MOF based supercapacitor outperforms carbon based devices

1 min read

A research team led by MIT has developed a supercapacitor that not only uses no conductive carbon, but which could also potentially produce more power than current devices.

According to associate professor Mircea Dincă: “We’ve found an entirely new class of materials for supercapacitors. All double-layer supercapacitors today use carbon nanotubes, graphene, activated carbon, all shapes and forms, but nothing else besides carbon. So this is the first non carbon, electrical double-layer supercapacitor.”

The work is based on research into metal-organic frameworks (MOFs), extremely porous materials with sponge like structures. These materials have an extraordinarily large surface area for their size; an essential characteristic for supercapacitors. However, MOFs are not very conductive electrically – an essential property for a material used in a capacitor.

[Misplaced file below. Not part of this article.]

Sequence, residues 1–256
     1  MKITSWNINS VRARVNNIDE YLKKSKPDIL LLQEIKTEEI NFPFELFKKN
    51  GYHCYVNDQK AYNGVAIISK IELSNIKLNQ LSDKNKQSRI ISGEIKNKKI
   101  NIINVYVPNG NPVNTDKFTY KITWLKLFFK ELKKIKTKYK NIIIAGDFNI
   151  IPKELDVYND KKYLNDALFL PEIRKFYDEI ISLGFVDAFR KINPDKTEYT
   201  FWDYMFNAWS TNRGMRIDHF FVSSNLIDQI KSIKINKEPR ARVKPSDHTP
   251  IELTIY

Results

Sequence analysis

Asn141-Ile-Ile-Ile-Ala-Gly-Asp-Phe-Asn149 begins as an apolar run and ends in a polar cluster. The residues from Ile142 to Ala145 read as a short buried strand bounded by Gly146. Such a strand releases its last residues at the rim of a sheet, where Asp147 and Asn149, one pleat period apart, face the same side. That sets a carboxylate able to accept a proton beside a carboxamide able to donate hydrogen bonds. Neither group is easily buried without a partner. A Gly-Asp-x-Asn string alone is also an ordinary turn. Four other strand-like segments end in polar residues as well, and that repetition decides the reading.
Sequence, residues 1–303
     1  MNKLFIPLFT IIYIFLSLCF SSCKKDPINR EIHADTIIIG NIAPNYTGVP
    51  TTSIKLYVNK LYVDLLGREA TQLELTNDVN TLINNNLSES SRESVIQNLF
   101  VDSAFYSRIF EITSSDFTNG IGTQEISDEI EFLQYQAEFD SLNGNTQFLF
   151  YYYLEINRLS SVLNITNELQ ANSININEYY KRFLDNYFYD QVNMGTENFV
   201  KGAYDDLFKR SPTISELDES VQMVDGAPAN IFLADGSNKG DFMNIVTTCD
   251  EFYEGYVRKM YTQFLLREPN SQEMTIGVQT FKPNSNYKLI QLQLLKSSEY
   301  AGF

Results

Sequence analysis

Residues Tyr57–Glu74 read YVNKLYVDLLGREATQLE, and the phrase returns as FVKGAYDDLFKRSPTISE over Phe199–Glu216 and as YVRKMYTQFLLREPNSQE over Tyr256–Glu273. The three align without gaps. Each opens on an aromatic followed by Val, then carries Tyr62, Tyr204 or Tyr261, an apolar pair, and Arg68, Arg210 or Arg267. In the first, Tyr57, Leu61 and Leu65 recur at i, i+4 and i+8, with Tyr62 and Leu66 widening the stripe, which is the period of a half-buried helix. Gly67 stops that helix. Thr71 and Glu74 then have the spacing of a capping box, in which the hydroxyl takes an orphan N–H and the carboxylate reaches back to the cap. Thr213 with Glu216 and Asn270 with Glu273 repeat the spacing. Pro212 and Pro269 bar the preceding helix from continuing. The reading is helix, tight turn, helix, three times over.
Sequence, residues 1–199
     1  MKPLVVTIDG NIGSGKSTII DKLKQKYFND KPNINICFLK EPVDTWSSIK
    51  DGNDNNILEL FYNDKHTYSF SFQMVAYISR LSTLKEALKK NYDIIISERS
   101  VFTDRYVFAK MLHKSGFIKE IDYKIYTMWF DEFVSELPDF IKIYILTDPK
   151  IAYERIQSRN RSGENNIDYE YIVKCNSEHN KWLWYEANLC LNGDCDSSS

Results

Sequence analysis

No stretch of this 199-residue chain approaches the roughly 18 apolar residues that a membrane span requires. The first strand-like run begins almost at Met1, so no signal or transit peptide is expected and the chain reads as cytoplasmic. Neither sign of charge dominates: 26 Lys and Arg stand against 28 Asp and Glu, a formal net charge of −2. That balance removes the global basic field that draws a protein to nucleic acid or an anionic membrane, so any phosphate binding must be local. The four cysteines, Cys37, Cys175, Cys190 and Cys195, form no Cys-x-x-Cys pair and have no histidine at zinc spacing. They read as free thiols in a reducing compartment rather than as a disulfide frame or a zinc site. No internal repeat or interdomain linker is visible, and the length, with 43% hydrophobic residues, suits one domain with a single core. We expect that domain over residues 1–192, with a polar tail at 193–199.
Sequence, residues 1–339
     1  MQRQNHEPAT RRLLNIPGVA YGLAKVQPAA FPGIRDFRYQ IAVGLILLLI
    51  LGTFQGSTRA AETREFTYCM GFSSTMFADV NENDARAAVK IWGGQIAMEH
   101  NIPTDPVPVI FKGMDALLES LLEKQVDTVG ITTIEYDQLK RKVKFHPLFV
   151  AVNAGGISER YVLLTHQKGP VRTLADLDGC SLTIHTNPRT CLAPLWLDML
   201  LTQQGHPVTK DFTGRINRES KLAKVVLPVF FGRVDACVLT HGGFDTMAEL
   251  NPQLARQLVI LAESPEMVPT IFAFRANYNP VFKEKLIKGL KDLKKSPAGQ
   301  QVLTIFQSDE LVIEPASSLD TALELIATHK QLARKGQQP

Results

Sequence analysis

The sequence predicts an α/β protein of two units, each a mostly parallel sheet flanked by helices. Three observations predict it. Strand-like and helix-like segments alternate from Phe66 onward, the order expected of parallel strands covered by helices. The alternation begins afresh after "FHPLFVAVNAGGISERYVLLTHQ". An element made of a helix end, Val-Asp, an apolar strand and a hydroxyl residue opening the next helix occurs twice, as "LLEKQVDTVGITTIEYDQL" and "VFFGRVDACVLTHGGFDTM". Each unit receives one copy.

“One of our long-term goals was to make these materials electrically conductive,” said Dincă, even though this was thought to be difficult, if not impossible. However, the material conducts ions very well.

The devices produced by the team are said to match or exceed the performance of carbon based devices in such areas as their ability to withstand significant charge/discharge cycles. Tests showed they lost less than 10% of their performance after 10,000 cycles – comparable to the performance of commercial supercapacitors.

Because the characteristics of MOFs can be tuned by varying their chemical structure, the work might lead to variations that could outperform existing materials. “We have a new material to work with and we haven’t optimised it at all,” Dincă said. “It’s completely tunable and that’s what’s exciting.”